Improving Your Non-Technical Skills as a Scientist

March 24, 2021

We’ve all been there, trying to find your first professional job before you have any experience in the field. It seems hard to make the leap into the professional world when nearly everyone would prefer to hire a candidate with experience. The coronavirus pandemic has made this transition even harder, as undergraduate and graduate students are unable to meet employers in-person to show that they have what it takes to get hired. The best way to prepare yourself for new employment, move into a new field or get a promotion is to improve your non-technical skills.
Non-technical skills can include interpersonal, management and communication skills. Some of these non-technical skills have been poorly adapted to online work, which makes refining them even more essential. This article covers some important non-technical skills and ways to improve them, to make the most out of this time during the pandemic. 

Time Management

The most important skill during the recent rapid transition to distance learning and remote work is time management. With the latest Netflix movie just a click away, dozens of notifications popping up and parents juggling childcare, our ability to focus and put in a full workday is being challenged like never before. This is where time management tools come in. Goals are great ways to keep yourself accountable and to continue working efficiently. Dividing large projects into smaller steps or checkpoints is another way to maintain motivation and make a daunting task more approachable. 
Another time management tool is to keep a schedule, with a set time to wake up and an hour or two set aside for work with no distractions. A schedule will keep you healthier, and ensure that every day, something gets done, instead of falling into the trap of procrastination. The pandemic has gone on for almost a year, so even finding one extra distraction-free hour a day of focused, quality work will add up to a very noticeable difference once in-person professional life resumes. 

Public Speaking 

With everything moving online, networking has become much harder, and that’s why it’s so important to develop skills to connect and socialize. Public speaking is crucial to connecting by projecting yourself as a leader and somebody worth listening to. Although in-person public speaking isn’t viable while the pandemic continues, the same core skills of explaining and persuading your audience apply online. To develop these, submit your abstract to be presented at online conferences, both locally and nationally. These opportunities are especially helpful for students, who can get their name out as a presenter to a larger audience than otherwise would be possible.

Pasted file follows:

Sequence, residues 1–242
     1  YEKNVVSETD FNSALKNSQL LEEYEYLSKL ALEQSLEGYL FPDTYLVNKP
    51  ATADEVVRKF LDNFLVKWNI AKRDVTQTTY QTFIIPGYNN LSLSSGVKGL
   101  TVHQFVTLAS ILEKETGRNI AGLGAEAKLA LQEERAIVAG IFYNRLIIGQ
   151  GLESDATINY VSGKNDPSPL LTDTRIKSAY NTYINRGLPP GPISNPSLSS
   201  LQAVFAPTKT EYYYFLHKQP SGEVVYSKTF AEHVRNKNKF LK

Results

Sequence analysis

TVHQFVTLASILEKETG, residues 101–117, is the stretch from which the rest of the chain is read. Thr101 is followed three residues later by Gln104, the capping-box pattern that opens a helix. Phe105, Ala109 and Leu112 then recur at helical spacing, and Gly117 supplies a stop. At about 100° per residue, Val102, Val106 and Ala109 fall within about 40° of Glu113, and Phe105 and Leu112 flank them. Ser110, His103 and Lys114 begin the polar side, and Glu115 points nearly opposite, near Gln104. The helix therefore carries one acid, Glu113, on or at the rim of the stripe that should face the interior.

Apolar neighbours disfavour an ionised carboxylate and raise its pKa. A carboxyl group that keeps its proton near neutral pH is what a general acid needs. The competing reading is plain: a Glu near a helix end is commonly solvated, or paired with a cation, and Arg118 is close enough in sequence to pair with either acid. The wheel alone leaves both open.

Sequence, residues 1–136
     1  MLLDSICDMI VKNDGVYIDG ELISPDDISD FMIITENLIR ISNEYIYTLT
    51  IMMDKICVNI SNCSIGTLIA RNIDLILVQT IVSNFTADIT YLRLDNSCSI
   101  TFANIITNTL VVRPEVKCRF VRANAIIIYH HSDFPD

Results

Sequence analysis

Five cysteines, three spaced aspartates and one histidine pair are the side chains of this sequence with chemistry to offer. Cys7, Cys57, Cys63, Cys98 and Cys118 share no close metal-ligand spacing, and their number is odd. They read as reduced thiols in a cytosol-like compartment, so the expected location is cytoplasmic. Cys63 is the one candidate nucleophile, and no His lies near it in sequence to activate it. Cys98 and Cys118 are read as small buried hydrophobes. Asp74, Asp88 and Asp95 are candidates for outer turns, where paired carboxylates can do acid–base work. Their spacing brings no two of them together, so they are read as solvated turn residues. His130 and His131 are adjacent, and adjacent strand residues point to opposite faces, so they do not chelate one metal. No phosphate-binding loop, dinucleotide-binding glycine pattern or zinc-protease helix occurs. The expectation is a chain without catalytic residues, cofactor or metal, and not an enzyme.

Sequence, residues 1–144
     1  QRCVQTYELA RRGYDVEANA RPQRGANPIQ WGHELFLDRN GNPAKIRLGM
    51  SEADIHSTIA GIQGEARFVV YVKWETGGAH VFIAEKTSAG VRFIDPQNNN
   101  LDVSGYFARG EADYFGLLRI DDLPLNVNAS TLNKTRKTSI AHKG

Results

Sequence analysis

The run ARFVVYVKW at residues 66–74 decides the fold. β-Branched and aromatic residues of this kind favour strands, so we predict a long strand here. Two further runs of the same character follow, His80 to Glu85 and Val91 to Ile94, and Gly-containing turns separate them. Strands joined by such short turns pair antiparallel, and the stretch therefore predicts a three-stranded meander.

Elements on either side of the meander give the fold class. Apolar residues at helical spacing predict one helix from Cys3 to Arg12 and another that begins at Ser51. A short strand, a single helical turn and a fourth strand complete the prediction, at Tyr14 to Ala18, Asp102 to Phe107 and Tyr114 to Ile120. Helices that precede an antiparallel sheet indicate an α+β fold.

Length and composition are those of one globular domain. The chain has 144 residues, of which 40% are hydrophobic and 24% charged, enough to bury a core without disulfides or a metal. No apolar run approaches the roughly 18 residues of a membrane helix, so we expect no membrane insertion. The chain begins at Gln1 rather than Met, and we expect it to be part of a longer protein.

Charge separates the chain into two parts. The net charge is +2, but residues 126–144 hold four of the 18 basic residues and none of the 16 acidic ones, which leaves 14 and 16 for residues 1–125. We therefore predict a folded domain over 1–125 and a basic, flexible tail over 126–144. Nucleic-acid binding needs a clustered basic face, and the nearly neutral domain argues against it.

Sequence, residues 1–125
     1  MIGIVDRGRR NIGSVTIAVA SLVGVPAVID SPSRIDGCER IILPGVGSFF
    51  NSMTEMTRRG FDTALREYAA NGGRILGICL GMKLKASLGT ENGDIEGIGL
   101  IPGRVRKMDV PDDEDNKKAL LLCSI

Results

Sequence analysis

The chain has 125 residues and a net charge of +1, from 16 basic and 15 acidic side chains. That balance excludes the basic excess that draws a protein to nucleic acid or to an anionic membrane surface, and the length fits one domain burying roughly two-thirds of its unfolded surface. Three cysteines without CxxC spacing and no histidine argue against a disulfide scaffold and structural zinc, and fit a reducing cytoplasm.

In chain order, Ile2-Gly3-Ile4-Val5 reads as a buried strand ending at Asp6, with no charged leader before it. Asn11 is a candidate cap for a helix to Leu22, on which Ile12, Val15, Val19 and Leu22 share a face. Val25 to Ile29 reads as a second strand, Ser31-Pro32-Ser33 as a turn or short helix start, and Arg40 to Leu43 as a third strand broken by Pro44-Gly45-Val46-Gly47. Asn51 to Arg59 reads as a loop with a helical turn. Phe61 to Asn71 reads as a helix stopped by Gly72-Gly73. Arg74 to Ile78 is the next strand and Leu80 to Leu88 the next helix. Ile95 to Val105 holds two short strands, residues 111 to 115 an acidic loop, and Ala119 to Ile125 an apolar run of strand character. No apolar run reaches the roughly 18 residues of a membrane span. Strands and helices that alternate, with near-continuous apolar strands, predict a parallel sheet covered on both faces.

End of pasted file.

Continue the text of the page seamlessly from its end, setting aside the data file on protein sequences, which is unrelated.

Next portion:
This pandemic has allowed good team players to shine. This is an opportunity to reflect on how well you’ve been networking virtually with your coworkers, and to focus on how others around you learn to communicate effectively. Virtual communications are more complicated, which means that effective communication at this time will stand out, especially as you’re promoted into higher positions. These skills can translate well into leadership positions and are paramount to your work within teams for projects. 

One strategy for honing your skills includes joining online discussion groups. One great effect coming out of the pandemic is that there is most likely an online discussion group relating to your field of professional development, as well as related to discussing research papers about the pandemic and projects relating to microbiology or genetics. And there’s always the possibility of going outside of technical development and joining a book club. This is a good way to network and meet new people, and is a low-stakes environment to practice your communication skills. Other strategies include prioritizing clubs or student run organizations if you’re in college, or even the small step of reaching out to your friends and acquaintances over video chat to stay active and open instead of unintentionally isolating yourself. 
Non-technical skills have always been an important component of professional development. Now is the perfect time to take action to improve and polish them.
The Annual Biomedical Research Conference for Minority Students (ABRCMS) offers a variety of webinars for trainees and faculty members. Check them out today to improve your non-technical skills. 
View Webinars

Author: Sofia Theodoras

Sofia Theodoras
Sofia Theodoras is a student at University of California Berkeley, and is interested in helping increase equity and equality within the microbiology community.